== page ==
Freelancing: How to Charge

Freelancing: How to Charge

Figuring out your role as a freelancer and actually finding clients is hard enough. But eventually you realize that you have to come up with prices, which is more complicated than it sounds.

You basically have 3 choices: hourly rates, project fees, or retainers.

Hourly rates are amounts that you charge by the hour (obviously). The benefit  of them is that you get paid for the time you put in, no matter how much or how little it is. The down side is that it will ruin your budget because you’ll never know how much is coming in at the end of the month until you’re sending out your invoices.

One way to ensure income on an hourly basis is to have clients on long-term contracts who require monthly services, such as blogs, social media schedules, etc.

Project fees are a step up from this because you estimate the total cost of a project and agree on the price before you start. Then both you and the client are clear on the price from the beginning. This can put you in a bit of a bind if you end up doing more work than you thought, such as if the client wants to discuss the project multiple times a day, or you encounter issues with the project itself.

When creating a contract for a project, I prefer to include clauses for extra work. I detail the project scope as best I can, and then include a clause or two about what will happen if the project extends passed a certain number of hours, or extra work is required.

Retainers are my favorite way to get paid, and they are good for clients too. A retainer is when the client pays you an amount each month no matter what you do. They are paying to reserve your time, and it is up to them to use it. Now, it’s not my favorite because there isn’t anything to do sometimes, it’s my favorite because it prompts the client to use what they are paying for.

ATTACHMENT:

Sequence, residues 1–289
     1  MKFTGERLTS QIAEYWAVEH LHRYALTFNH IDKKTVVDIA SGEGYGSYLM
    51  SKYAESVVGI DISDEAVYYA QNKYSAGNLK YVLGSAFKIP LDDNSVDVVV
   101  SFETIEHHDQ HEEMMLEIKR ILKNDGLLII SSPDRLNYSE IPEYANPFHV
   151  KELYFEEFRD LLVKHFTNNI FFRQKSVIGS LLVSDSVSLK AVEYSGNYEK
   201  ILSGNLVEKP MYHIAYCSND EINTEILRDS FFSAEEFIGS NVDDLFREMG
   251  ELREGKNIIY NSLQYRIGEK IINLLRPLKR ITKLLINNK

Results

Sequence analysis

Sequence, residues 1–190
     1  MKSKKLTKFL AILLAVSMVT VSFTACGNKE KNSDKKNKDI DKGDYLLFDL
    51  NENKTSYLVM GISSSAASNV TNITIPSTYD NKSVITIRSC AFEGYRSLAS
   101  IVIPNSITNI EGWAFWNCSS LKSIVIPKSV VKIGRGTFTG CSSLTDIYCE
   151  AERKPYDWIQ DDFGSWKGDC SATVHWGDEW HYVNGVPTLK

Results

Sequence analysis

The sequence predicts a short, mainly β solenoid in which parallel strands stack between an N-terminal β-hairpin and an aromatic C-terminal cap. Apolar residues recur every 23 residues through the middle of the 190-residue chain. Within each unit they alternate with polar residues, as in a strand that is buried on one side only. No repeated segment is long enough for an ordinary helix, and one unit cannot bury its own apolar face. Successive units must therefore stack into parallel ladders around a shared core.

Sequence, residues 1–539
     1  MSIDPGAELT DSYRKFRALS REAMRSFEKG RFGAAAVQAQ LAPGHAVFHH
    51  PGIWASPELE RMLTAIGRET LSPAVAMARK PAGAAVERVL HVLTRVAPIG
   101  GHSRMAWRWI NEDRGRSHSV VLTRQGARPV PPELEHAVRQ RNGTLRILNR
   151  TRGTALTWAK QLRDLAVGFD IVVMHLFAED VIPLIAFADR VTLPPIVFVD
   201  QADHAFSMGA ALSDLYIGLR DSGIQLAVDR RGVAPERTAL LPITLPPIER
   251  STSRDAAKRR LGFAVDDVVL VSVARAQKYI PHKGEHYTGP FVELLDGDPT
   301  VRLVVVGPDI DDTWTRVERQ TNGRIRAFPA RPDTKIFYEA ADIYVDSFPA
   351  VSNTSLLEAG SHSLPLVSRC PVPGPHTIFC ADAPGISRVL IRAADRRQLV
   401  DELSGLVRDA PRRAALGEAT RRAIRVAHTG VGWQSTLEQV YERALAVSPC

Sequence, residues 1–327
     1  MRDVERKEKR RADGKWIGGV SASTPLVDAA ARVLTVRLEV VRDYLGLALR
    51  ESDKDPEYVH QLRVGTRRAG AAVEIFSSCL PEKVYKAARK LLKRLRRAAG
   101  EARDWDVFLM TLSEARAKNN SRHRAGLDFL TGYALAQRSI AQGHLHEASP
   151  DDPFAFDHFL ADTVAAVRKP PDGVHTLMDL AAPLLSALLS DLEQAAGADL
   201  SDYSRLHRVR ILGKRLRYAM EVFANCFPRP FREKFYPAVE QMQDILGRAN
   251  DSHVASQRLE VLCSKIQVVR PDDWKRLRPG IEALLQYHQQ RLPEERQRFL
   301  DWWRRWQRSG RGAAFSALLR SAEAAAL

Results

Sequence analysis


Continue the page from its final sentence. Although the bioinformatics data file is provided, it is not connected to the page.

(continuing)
I like having work to do, and sometimes clients can get busy, or even have you on a long-term contract, but won’t have much for you to do. Being on a retainer tells the client that you are there if they need you, and it tells you that you are valuable to the client.

You could end up doing a lot of work one month, and not as much the next. Generally, I find that retainers balance out in the end, without leaving either party feeling like they’ve lost anything.

How do I figure out a price?

How you come up with an amount, whether hourly, project-based, or for a retainer really depends on your location, your experience, and the client’s budget.

Some clients will have big budgets and some won’t. I try my best to fit my fees to my clients, instead of sticking to a strict price. Of course, I do have a minimum that I’ll take, but I think everyone deserves a little help now and then, so if I have to take a little less in order to help someone out I’ll do it.

Take into account the length of the contract and whether or not your client is likely to need you again in the future. You shouldn’t start low and then try to charge more the next time they need you. Keep your prices fairly even, and whenever you decide to change them, offer a clear, straightforward, and reasonable explanation.

Look at other freelancers in your area, and even consulting agencies to see what their prices are like, and then figure out what you need to make to pay your bills. Your price should fall somewhere between the two.

The best way to charge

I’ve had clients on all kinds of different payment structures. I am currently on three different ones with three different clients as I write. I try to judge the best way to price a project or contract based on the client, the scope, and the length.

About a year or so ago, I implemented a sort of mixed pricing method, which has been working out very well. I charge hourly for general tasks, and then for custom graphics, articles, or other projects that can either take a lot of time, or that will require extra work such as a stock photo, special computer programs, etc., I charge a fee.

So, that would mean that for social media scheduling I might charge $25/hour, and then for custom graphics for the social page, I would charge $50/each.

But what you charge depends on what you have to offer, what the client needs, and what you can afford to work for. Don’t charge pennies, your work is valuable, but try not to charge the, more than is reasonable. Just because a client doesn’t have a ton of cash to dump on you doesn’t mean that the experience won’t be valuable to you in the long run.

How do you charge? What do you think the best pricing method is?

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8 thoughts on “Freelancing: How to Charge

    • It’s a hard thing to get into, but once you find a groove it gets easier. I still work as a writer outside of freelancing, though. I don’t like the “unknowing” aspect of freelancing, so it’s nice to have a stable income as well.

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